The Wahkiakum County Eagle - Established as The Skamokawa Eagle in 1891

County board, residents frustrated over sand

Commissioners set date to vote on future of Johnson House

 


Wahkiakum County commissioners and residents of Cape Horn shared frustrations Tuesday over lack of information about US Army Corps of Engineer beach nourishment plans.

Commissioners also received an evaluation of costs of maintaining a vacant house on county property, agreeing to vote on its future at their August 6 meeting, and going over other varied business.

County officials and staff succeeded this year in an effort to set up a 10-year program to enable the Corps to deposit dredged sand on eroding beaches on Cape Horn and Puget Island, where erosion is threatening to claim structures and plantings.

A pipeline dredge has been working below Skamokawa, but despite emails and phone calls, neither residents nor county officials have been able to learn when the dredge might be in their areas.

"I'm getting nothing," said Cape Horn resident Trish Shroyer. " That's what so frustrating: Everything is read, and they can't tell me something.

"I want a response. It's crap. Somebody needs to be responsible and respond."

"You're going through the same things I'm getting," commented commission Chair Dan Cothren. "They're still talking [dredging in] the fall.

"It's a political deal you're dealing with. It's a run-aound."

A Corps research vessel has been sounding up and down the river to determine what areas need dredging.

"They know the sand is out there," said Cape Horn resident Richard Erickson.

Cothren said he has been calling Corps contacts but hasn't had responses.

"Tell me now," he said. "Don't keep me hanging. If you can't do it, let me know, and we'll move on."

In other business, Building Inspector David Hicks presented a cost study of maintaining a house on county-owned property on River Street. The 100-year-old building, known as the Johnson House, was formerly used by the county's mental health program, but that program has moved to new quarters.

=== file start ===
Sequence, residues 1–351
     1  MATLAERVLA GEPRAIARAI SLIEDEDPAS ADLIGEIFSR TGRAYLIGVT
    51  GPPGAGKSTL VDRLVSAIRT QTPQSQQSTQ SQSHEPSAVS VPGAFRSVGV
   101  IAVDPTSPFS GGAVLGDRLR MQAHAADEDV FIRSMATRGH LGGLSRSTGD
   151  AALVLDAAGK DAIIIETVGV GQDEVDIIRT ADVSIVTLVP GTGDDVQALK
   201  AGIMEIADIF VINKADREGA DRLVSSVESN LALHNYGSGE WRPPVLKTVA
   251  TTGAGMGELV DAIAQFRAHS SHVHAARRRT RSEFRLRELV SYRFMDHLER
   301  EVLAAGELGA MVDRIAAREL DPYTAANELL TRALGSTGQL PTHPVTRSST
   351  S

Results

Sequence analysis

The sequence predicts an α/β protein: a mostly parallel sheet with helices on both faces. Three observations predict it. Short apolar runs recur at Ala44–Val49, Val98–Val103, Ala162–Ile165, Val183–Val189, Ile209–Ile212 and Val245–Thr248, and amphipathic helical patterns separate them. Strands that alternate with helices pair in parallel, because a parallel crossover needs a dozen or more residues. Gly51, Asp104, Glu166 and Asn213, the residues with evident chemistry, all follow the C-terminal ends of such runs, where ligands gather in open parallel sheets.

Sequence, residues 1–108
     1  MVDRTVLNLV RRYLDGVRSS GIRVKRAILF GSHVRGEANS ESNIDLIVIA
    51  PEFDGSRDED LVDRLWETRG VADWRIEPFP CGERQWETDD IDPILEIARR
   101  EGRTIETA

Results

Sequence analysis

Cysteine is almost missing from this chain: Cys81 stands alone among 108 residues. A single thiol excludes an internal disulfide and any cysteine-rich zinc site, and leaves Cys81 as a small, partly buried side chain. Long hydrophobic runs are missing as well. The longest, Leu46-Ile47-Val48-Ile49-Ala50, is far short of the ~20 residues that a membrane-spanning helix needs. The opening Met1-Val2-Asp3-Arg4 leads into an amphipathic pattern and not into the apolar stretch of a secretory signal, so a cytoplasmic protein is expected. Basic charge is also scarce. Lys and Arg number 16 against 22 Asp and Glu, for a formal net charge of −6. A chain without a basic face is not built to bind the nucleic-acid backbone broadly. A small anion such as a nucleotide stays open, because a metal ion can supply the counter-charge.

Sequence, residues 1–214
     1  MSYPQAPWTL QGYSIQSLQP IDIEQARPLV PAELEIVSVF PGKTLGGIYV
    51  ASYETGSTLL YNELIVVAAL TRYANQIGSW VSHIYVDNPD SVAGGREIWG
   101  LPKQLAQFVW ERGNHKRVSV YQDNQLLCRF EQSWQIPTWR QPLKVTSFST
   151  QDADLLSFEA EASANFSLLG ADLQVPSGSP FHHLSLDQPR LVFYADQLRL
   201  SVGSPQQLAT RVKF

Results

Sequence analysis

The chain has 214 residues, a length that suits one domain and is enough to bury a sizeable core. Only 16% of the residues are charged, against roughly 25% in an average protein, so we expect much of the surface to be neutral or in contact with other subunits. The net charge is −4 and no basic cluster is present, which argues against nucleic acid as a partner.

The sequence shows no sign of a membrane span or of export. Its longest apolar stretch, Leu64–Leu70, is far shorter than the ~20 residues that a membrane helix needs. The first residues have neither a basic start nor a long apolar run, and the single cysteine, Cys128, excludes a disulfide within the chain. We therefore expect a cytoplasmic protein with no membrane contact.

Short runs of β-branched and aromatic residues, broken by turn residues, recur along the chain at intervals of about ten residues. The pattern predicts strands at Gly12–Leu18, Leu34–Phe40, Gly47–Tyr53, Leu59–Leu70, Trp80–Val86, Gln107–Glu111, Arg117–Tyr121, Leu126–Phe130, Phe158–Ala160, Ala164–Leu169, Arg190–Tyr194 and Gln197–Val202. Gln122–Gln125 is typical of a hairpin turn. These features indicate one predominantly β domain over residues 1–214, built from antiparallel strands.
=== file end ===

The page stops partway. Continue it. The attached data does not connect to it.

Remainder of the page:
County offiicials have suggested two courses of action--either maintaining the house as a rental for county employees or disposing of it. Commissioners had asked Hicks to prepare a cost analysis, and presented that analysis Tuesday.

The house needs a new roof, updated heating system, exterior painting, upgraded windows, insulation and removal of trees around the lot's perimeter. Those upgrades could cost from $58,000 to $81,000. Yearly maintenance could run $2,000 without any major projects. Fair market rent would be $1,100 per month, he said.

Further calculations lead to the conclusion that it would take 7.2 years to break even if no major repairs were needed.

"It's still a 100-year-old house with no foundation, and the upkeep costs will continue to increase," he said.

Commissioner Gene Strong suggested putting the house up for auction--the house only, not the property.

Commissioner Mike Backman, participating in the meeting via telephone, suggested looking into more possible uses for the house and possible grant funding to help with improvements.

"I'm in favor of Gene's proposal," said Cothren. "Get rid of it."

Commissioners agreed they would decide a course of action at their next meeting on Aug. 6.

 

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